➤Guided tour to the Moscow Kremlin, including the Cathedrals and the Armory
➤The walking city tour in the downtowns: Red Square & St Basil's Cathedral, Lenin’s Mausoleum, GUM, the Bolshoi Theatre, KGB Headquarters and other highlights
➤The Moscow metro tour
➤The evening is free at leisure on the Arbat
➤Optional activities: ice rink on the Red Square
The name "Kremlin" means "fortress inside a city", this construction had to protect the city from enemies. The Moscow Kremlin acquired the status of a sacral symbol representing the power of the great country. A holiday to Moscow is not complete without a visit to the Kremlin. Modern walls and towers of the Kremlin were constructed of red brick at the end of the 15th century. Now behind its walls, there are government buildings and a huge museum complex where thousands of artefacts telling about the history and the culture of Russia are stored. In 1990 both Red Square and the Moscow Kremlin were included in the UNESCO World Heritage List.
Pokrovsky Cathedral, or St. Basil's Cathedral, is not just a church. It is a memorial temple constructed on Red Square in honour of the capture of Kazan and Astrakhan. The main fight in which the Russian troops won a victory happened in the day of the Intercession of the Theotokos. So the temple was consecrated in honour of this Christian holiday. The cathedral consists of separate churches. Each of them is also consecrated in honour of holidays in which there were decisive fights for Kazan: Trinities, the Palm Sunday and others.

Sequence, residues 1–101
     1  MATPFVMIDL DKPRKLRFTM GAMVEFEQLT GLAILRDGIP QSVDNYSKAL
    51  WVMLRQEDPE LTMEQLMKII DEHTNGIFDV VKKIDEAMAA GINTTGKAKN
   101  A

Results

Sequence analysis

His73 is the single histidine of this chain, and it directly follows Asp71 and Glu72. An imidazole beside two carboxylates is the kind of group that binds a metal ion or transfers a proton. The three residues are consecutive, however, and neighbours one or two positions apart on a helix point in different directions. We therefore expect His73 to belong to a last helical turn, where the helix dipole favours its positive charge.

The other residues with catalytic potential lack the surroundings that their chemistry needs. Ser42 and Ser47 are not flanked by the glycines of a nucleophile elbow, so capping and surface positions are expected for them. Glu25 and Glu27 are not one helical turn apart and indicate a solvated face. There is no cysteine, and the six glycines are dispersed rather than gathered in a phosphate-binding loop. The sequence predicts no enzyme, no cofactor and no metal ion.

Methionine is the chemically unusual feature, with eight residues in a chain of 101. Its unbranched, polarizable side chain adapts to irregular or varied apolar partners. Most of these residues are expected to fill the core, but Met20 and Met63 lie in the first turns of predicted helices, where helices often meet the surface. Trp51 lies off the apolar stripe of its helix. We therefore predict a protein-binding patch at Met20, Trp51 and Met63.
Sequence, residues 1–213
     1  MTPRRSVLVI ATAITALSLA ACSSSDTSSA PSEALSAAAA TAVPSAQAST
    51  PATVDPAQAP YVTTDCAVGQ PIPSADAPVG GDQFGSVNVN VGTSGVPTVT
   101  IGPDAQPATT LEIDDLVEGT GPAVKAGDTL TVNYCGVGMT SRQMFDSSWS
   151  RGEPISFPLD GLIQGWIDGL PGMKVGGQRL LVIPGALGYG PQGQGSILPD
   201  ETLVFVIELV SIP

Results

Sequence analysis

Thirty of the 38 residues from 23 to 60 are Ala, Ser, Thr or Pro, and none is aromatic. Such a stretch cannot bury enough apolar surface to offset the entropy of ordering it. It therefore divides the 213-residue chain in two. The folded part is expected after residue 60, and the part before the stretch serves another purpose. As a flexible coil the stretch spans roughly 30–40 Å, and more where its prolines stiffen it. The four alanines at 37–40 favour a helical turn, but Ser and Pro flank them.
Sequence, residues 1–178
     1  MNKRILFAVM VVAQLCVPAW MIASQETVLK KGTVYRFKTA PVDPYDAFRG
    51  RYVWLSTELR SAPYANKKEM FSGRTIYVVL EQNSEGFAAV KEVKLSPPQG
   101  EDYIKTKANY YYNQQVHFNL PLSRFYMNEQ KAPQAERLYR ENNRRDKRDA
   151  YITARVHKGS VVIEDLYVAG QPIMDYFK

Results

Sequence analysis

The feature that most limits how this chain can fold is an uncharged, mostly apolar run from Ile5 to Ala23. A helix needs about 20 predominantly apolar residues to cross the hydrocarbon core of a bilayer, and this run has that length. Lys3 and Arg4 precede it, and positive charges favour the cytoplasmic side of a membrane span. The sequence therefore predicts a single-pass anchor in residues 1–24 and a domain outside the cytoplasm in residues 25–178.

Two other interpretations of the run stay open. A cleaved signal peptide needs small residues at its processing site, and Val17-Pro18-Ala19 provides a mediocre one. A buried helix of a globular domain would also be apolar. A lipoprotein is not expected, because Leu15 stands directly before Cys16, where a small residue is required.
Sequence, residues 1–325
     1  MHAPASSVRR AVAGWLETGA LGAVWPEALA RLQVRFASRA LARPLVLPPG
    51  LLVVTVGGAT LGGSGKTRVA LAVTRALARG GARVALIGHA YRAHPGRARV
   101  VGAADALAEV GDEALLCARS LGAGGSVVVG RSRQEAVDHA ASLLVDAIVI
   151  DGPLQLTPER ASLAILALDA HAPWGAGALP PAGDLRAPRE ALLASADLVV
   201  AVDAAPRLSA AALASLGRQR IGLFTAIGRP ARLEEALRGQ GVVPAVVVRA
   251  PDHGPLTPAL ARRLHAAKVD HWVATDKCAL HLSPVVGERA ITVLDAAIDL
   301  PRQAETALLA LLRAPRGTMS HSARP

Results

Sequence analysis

Red Square is a historical symbol of Moscow. The name of the square originated from the Russian word "Krasnaya" meaning "red" because it is related to the word "krasivaya" meaning "beautiful". The red square separates the Kremlin from a historic merchant quarter known as Kitai-gorod. Thousands of tourists come here not only from all corners of Russia but also from around the world.
Get to know the city by taking a metro ride to the place of your first visit. Metro is the fastest ways to get anywhere in this city and to avoid traffic jams. If you want to see the Bolshoi, it’s a good idea to book your tickets in advance!
The Moscow Metro was opened in 1935 with one 11-kilometre (6.8 mi) line and 13 stations, it was the first underground railway system in the Soviet Union. As of 2018, the Moscow Metro excluding the Moscow Central Circle and Moscow Monorail has 224 stations (255 with Moscow Central Circle) and its route length is 381 km (237 mi), making it the fifth-longest in the world. The system is mostly underground, with the deepest section 84 metres (276 ft) underground at the Park Pobedy station, one of the world's deepest. It's the busiest metro system in Europe, and a tourist attraction itself.